Search Results: mcmahon (4)

She doesn’t seem very enthusiastic about full legalization though.

Here’s your daily round-up of pot-news, excerpted from the newsletter WeedWeek. Download WeedWeek’s free 2016 election guide here.

A document preparing Hillary Clinton for her primary debates and released by WIkiLeaks suggests that as President she would continue President Obama’s hands-off policy towards state-legal marijuana industries, as long as they follow broad federal guidelines. Her talking points also suggest some openness to industry banking. (See page 97 of the document for more details.)

Michael D. Weinstein
Leave that crack jacket at home, homie.

​A man accused of drug trafficking showed up for court Friday in Fort Lauderdale, Florida, wearing a jacket the bore a cartoon-style recipe for cooking crack cocaine.

“Maybe he was hoping to impress the judge or ‘crack up’ the courtroom crowd, but the fashion police at the Broward County Courthouse labeled it a fashion fail,” reports Paula McMahon at the Broward-Palm Beach Sun-Sentinel.
“Probably not the smartest attire for a defendant!” wise-cracked Michael D. Weinstein, a lawyer who snapped the cellphone photo which accompanies this article.
The white jacket seemed to be a how-to guide for cooking crack cocaine, complete with little pictures of a white substance with a spoon, a carton of baking soda and a pot over a fire. The end product was “rock.”
The recipe was capped off by the slogan “Stack Paper Say Nothing” — in other words, make money, hold onto it and keep your mouth shut about where it came from.

Photo: Opposing Views

​Medical marijuana patients in Maine soon won’t have to go very far for their doctor-recommended and legally protected medicine. The state will announce the locations of eight regional dispensaries in July, reports Charles McMahon at SeaCoastOnline.com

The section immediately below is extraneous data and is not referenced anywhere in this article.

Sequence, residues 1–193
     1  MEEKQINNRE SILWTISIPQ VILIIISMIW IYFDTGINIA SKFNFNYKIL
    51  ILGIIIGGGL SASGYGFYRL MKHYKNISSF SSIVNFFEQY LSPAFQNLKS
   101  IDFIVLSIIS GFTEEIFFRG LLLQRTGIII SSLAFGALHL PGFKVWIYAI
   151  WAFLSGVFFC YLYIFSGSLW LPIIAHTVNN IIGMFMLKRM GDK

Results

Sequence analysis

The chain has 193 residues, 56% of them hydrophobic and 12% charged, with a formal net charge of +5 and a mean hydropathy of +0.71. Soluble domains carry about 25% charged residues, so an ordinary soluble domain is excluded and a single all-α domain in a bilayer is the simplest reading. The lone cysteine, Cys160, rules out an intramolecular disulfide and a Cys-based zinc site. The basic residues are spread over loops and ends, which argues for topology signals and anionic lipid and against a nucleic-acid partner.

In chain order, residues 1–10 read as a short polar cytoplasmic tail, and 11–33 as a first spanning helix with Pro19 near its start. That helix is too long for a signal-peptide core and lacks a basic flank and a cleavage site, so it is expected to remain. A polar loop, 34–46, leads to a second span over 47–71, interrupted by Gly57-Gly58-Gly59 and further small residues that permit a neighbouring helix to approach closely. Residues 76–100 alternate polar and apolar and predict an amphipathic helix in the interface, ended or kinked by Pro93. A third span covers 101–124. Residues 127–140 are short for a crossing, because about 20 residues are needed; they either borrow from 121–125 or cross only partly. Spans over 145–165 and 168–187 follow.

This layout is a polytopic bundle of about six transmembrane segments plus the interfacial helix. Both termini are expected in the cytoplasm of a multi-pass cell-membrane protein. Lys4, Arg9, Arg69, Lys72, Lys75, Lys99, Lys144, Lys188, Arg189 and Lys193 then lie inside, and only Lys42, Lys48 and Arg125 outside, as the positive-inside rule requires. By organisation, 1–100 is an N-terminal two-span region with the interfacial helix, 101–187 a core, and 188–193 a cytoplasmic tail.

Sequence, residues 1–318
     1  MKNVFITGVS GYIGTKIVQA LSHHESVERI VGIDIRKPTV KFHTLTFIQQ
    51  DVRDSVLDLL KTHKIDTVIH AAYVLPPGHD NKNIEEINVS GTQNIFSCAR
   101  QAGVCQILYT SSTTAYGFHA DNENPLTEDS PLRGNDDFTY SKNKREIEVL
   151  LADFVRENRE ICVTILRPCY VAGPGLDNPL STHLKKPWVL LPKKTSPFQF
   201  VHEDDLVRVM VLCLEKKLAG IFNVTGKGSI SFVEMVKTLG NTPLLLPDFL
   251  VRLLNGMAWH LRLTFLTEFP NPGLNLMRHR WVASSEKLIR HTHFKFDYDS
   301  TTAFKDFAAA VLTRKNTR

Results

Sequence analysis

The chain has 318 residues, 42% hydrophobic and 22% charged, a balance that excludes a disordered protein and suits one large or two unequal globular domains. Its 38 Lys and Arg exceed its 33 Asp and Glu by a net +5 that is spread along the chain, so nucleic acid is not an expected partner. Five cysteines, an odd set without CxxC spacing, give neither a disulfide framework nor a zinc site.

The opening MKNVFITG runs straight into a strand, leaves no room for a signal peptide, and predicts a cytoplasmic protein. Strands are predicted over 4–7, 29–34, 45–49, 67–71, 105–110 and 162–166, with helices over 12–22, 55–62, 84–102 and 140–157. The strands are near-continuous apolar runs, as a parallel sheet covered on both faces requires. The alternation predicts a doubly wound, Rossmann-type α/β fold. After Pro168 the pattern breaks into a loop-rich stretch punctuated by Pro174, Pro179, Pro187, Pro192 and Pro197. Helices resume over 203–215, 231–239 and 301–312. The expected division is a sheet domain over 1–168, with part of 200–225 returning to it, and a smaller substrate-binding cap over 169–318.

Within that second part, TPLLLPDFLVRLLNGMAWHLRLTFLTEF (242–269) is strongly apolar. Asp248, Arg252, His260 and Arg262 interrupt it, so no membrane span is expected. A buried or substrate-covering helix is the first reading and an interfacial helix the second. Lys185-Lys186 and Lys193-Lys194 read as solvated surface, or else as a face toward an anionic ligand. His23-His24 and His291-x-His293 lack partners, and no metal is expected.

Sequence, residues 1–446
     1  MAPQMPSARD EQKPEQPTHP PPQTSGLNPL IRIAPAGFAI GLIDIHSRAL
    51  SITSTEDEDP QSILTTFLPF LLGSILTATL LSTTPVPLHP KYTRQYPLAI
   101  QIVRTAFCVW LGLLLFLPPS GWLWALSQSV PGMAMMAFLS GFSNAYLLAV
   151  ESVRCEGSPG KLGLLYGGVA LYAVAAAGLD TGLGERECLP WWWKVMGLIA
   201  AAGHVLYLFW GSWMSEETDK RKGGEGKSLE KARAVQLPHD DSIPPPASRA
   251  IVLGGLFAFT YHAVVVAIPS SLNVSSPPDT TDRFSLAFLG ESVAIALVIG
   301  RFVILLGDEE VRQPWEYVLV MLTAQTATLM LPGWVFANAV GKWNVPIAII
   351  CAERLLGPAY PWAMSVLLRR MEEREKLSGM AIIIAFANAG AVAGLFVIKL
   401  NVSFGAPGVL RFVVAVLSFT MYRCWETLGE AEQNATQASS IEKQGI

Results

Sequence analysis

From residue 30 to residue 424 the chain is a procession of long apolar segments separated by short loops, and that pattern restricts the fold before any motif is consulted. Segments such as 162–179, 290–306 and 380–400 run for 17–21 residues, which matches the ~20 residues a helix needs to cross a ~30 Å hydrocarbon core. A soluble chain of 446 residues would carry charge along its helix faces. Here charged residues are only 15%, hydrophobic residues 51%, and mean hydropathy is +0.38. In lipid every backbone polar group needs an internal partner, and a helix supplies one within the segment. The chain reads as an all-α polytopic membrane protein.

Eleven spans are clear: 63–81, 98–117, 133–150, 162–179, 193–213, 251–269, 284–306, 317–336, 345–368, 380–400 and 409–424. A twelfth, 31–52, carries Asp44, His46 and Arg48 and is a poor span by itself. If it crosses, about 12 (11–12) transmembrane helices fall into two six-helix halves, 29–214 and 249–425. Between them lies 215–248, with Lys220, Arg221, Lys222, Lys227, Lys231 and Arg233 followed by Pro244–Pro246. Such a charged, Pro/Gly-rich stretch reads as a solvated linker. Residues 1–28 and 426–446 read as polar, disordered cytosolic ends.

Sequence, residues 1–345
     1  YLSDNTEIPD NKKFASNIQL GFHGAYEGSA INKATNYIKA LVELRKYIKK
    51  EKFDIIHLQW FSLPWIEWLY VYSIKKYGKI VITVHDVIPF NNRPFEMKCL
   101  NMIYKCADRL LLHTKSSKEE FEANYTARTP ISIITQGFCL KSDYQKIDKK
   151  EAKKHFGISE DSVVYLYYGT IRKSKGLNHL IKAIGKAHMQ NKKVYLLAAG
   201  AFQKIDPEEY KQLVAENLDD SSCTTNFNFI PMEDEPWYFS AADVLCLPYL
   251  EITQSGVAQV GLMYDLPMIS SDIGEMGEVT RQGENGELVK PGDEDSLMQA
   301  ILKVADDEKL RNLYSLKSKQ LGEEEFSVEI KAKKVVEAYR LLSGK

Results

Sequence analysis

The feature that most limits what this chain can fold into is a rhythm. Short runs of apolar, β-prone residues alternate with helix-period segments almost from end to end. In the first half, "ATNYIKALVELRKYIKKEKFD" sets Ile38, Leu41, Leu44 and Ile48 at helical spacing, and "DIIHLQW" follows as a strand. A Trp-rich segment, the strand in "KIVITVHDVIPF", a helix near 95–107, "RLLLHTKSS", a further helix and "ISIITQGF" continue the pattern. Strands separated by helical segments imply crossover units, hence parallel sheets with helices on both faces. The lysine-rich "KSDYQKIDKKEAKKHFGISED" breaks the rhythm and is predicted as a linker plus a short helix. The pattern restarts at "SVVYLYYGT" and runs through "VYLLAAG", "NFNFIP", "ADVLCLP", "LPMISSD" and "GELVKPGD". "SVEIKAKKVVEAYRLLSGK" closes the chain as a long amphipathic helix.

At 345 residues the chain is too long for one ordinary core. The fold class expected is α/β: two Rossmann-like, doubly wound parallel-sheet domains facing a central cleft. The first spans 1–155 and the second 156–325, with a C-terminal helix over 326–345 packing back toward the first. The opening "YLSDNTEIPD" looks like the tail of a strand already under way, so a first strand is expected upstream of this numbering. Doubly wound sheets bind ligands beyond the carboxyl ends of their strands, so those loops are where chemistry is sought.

Earlier this month, the state started accepting applications from nonprofit corporations to become dispensaries under Maine’s Medical Use of Marijuana Act. The Division of Licensing and Regulatory Services (DLRS) in the Department of Health and Human Services will be in charge of the selection process.
The state will only allow eight dispensaries, one in each of Maine’s eight public Health Districts, according to a DHHS release. John Martins, DHHS director of employee and public communications, said the state has determined it will regionalize the dispensaries.

Photo: Des Moines Register
Almost two-thirds of Iowans believe medical marijuana patients shouldn’t be arrested.

​A new Iowa poll shows that almost two-thirds of Iowans — 64 percent — think patients should be allowed to use marijuana as medicine if their doctors approve.

However, fewer than a third of Iowans want to legalize cannabis for recreational purposes, the same poll shows, reports the Des Moines Register.
Fourteen states in the U.S. have already legalized the medical use of marijuana with a doctor’s recommendation.
The Iowa Board of Pharmacy plans to decide Wednesday whether to recommend that the Iowa Legislature follow suit.
Medical marijuana supporters say that cannabis can relieve pain and nausea for many patients suffering from debilitating diseases, including cancer, AIDS and multiple sclerosis.